The hosting service doesn't seem to make a slow query log available -- there's nothing mentioned in their support and forum site. It seems my only hope is to document a stall and contact them within, say, 24 hours, and call until I get someone actually responsive. My guess is they will tell me about some additional tool I should have used... –  hen3ry Jul 1 '10 at 4:20
    
While you don't think it can be a simple query, depending on their mysql configuration, they may have pinned it to one cpu, or, based on some of the circumstances, you might have hit the maximum number of tables open, in which case mysql closes the least recently used, and opens the new table. If you have other queries being executed for other virtual customers, they are handled in a first come, first served basis (somewhat), and that could explain your issues. 15-30 minutes would be extremely odd, but, could be a severely overloaded server that is just 'catching up' from extreme overload. –  karmawhore Jul 1 '10 at 4:38
    
Obviously "shared" is "shared". The key information you provide is that DB accesses are more directly shared, with the implication that the particular configuration (i.e. mis-configuration) might allow extreme hogging by other customers. That said, I was really surprised that phpMyAdmin stalled, too. It seems to me that a such a tool should deal gracefully with such an issue. If the DB doesn't respond within a reasonable amount of time, it should time out and return an error and diagnostic message giving some clues about what's going on. --> –  hen3ry Jul 1 '10 at 20:08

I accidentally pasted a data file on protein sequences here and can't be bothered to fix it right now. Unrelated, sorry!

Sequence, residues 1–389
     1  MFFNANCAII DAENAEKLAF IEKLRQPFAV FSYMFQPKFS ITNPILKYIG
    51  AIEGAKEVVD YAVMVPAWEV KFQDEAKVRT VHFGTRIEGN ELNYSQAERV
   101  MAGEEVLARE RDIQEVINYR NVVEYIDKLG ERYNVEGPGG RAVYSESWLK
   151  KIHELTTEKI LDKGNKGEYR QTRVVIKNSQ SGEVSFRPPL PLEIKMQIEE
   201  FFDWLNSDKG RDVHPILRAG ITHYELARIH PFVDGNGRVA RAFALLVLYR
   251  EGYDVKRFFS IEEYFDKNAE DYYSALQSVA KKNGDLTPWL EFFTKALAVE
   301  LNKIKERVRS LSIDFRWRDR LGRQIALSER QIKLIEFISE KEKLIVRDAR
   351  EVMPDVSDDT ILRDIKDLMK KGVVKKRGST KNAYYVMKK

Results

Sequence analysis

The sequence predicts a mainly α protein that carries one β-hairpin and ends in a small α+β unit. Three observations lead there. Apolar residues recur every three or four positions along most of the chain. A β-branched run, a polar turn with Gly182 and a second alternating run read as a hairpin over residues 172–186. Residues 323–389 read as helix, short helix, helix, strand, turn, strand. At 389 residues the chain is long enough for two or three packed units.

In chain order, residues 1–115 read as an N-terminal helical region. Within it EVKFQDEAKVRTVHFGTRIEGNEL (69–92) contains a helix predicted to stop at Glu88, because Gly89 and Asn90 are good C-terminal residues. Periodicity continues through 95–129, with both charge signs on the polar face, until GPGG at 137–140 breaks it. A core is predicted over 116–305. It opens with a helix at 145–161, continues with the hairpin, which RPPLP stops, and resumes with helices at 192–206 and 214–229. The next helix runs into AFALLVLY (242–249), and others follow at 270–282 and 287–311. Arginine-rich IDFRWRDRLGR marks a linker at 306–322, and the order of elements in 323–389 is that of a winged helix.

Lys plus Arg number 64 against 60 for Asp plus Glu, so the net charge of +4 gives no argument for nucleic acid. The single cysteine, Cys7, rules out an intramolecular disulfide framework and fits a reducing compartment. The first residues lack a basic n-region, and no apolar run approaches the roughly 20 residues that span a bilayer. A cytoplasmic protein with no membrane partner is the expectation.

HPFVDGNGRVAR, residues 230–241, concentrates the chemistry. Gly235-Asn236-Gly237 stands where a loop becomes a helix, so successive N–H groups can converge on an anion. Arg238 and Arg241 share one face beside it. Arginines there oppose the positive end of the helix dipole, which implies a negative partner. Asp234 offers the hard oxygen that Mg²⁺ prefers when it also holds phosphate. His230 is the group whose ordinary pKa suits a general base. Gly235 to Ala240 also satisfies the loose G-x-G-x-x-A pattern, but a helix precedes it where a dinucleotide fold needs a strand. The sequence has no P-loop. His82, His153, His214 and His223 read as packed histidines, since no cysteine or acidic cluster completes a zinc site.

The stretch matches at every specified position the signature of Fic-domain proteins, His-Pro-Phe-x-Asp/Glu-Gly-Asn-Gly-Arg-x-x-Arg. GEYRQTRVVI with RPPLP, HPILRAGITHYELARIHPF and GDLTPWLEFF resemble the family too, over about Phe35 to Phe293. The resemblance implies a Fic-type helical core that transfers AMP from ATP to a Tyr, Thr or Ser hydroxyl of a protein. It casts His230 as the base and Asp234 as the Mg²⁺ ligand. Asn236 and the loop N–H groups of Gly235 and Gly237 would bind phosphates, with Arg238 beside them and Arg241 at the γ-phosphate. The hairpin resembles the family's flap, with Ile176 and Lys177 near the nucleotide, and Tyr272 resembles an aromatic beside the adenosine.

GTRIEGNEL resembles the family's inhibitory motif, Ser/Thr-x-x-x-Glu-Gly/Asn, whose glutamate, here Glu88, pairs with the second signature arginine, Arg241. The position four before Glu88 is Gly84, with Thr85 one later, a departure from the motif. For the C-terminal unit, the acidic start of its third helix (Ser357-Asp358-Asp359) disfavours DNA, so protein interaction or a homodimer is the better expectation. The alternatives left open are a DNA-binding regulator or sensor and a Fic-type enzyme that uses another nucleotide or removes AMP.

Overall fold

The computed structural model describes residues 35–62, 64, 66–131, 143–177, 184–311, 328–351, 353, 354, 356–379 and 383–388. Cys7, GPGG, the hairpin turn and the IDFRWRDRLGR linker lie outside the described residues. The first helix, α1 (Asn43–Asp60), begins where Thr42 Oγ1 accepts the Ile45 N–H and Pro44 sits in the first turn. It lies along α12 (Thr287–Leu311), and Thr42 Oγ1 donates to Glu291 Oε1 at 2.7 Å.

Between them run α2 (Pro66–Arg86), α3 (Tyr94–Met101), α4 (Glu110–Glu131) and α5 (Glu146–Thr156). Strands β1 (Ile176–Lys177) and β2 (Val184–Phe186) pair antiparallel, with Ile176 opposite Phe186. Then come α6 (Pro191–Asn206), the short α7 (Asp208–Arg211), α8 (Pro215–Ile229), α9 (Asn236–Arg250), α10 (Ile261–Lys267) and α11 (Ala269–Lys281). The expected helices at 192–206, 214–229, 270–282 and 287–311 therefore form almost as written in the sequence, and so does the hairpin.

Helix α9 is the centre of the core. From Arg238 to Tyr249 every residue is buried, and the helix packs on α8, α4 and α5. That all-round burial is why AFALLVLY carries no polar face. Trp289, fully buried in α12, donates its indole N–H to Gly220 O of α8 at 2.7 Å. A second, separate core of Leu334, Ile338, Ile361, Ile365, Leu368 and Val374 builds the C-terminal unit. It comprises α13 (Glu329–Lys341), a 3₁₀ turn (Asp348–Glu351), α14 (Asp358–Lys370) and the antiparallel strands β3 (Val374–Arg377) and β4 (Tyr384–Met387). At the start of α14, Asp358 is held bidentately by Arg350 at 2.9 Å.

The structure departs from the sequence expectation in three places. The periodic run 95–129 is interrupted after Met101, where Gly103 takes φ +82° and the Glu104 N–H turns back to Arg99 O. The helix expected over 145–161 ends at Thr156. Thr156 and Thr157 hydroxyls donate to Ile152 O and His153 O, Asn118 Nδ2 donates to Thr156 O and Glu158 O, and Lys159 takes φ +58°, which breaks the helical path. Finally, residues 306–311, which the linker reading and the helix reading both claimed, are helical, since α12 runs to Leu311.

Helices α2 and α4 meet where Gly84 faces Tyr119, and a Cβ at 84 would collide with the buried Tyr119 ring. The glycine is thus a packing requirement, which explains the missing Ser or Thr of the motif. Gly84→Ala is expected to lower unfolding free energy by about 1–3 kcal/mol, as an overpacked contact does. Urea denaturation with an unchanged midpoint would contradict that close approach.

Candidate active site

Thanks to everyone who responded. I think the question is pretty much answered.

I think it is clear that the mySQL server becomes unavailable for what most people would consider unacceptably long times. I may want to instrument the server, seeking to characterize the pattern of these occurrences, as evidence to be submitted to the hosting service's tech support.

If I am able to access the site's control panel during a stall, people have suggested some useful mySQL diagnostics. I'll try them, but it doesn't much matter what I find; essentially, "unavailable" is "broken" and it is entirely the responsibility of the hosting service to characterize and fix the problem. It's clear that is not a high priority of this vendor.

It seems clear that some lower standard of site performance must be accepted by users of low-cost shared hosting, and I'm resigned to that. Based on my broad experience with this particular vendor, I feel I will have better results elsewhere, and I'm planning on moving to a different hosting service as soon as I can -- probably a matter of months. Until then, it might be worthwhile to add instrumentation.

Thanks!